It soon became known amongst the people of Abe Shirogoro that the mother of Matagoro had been imprisoned for her son's crime, and they immediately set about planning her rescue; so they sent to the palace of my Lord Kunaishoyu a messenger, who, when he was introduced to the councilor of the Prince, said:
“We have heard that, in consequence or the murder of Yukiye, my lord has been pleased to imprison the mother of Matagoro Our master Shirogoro has arrested the criminal, and will deliver him up to you. But the mother has committed no crime, so we pray that she may be released from a cruel imprisonment: she was the foster-mother of our master, and he would fain intercede to save her life. Should you consent to this, we, on our side, will give up the murderer, and hand him over to you in front of our master's gate tomorrow.”
The councilor repeated this message to the Prince, who, in his pleasure at being able to give Kazuma his revenge on the morrow, immediately agreed to the proposal, and the messenger returned triumphant at the success of the scheme. On the following day, the Prince ordered the mother of Matagoro to be placed in a litter and carried to the Hatamoto's dwelling, in charge of a retainer named Sasawo Danyemon, who, when he arrived at the door of Abe Shirogoro's house, said:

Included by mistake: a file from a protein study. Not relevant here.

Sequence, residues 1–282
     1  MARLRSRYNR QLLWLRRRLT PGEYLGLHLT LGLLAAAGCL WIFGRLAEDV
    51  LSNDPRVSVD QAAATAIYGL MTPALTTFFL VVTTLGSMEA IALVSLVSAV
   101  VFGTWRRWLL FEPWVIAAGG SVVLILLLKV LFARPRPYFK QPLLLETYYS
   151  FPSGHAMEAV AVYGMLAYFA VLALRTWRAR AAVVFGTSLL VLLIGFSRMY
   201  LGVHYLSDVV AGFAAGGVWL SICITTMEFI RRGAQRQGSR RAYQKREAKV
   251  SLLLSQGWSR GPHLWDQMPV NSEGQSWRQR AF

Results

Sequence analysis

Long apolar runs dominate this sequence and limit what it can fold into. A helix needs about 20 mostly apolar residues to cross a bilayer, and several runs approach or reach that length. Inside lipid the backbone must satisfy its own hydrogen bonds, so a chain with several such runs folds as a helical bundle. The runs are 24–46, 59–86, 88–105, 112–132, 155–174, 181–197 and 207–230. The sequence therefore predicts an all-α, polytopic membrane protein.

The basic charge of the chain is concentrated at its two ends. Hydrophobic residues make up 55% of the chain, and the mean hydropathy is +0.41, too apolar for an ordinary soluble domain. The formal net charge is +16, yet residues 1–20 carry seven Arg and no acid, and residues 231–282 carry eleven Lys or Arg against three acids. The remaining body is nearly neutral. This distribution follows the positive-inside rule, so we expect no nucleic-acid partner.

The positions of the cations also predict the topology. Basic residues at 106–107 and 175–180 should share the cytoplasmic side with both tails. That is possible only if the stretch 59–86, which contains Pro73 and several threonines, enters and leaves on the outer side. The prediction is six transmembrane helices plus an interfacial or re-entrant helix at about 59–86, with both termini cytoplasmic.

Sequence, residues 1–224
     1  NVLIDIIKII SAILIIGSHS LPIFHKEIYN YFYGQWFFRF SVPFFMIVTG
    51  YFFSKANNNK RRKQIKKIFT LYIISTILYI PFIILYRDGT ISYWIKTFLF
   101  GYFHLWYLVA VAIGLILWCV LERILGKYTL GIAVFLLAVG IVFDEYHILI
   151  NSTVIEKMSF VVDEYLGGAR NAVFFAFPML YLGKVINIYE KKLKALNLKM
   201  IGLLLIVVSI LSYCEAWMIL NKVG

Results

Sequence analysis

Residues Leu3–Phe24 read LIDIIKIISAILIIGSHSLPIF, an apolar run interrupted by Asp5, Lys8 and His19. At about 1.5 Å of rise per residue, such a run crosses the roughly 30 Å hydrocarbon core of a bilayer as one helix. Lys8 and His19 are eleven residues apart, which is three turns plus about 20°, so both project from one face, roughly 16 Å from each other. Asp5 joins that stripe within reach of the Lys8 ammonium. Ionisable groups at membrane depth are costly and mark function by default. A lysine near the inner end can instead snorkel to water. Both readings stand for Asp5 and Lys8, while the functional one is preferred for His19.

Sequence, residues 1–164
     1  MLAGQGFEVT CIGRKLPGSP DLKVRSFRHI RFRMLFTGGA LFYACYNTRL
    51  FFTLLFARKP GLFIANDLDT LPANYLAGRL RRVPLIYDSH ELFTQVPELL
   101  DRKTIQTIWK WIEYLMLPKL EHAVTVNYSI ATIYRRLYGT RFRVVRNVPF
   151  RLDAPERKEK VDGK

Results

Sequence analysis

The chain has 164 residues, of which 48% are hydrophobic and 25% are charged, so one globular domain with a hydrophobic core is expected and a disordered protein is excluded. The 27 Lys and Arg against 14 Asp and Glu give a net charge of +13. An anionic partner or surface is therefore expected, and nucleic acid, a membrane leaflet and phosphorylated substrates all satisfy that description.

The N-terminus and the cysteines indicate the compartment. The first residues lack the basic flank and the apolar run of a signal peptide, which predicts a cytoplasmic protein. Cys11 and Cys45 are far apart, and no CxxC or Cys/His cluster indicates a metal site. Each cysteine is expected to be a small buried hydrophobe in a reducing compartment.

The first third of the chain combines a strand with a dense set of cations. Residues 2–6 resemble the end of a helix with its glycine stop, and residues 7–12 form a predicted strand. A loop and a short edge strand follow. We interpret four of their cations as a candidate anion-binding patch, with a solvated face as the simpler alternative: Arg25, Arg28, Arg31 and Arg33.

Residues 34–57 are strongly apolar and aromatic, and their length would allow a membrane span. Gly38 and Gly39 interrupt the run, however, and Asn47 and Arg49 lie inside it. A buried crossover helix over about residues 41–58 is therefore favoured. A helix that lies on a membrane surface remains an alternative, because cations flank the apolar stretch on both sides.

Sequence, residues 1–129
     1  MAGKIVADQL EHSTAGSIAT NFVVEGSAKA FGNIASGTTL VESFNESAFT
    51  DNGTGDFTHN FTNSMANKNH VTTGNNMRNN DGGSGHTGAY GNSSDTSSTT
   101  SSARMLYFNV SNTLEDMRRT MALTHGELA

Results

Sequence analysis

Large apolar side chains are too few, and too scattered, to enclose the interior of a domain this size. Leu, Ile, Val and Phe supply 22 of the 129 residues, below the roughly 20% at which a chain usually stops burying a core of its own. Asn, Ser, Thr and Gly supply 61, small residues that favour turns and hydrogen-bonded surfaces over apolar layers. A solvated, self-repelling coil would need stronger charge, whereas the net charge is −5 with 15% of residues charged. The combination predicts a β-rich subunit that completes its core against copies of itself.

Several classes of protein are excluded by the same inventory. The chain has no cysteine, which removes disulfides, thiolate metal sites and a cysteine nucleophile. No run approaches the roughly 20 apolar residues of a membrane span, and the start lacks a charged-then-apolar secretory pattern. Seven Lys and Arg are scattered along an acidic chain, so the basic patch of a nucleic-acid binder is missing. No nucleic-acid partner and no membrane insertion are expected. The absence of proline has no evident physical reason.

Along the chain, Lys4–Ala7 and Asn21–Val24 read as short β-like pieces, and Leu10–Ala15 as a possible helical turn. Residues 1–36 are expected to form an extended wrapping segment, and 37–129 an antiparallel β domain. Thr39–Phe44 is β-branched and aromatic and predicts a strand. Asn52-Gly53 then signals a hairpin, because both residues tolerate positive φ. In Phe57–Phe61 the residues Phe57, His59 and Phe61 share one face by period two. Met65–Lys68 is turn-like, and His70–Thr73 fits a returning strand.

“I am charged to hand over to you the mother of Matagoro, and, in exchange, I am authorized to receive her son at your hands.”
“We will immediately give him up to you; but, as the mother and son are now about to bid an eternal farewell to one another, we beg you to be so kind as to tarry a little.”
With this the retainers of Shirogoro led the old woman inside their master's house, and Sasawo Danyemon remained waiting outside, until at last he grew impatient, and ventured to hurry on the people within.
“We return you many thanks,” replied they, “for your kindness in bringing us the mother; but, as the son cannot go with you at present, you had better return home as quickly as possible. We are afraid we have put you to much trouble.” And so they mocked him.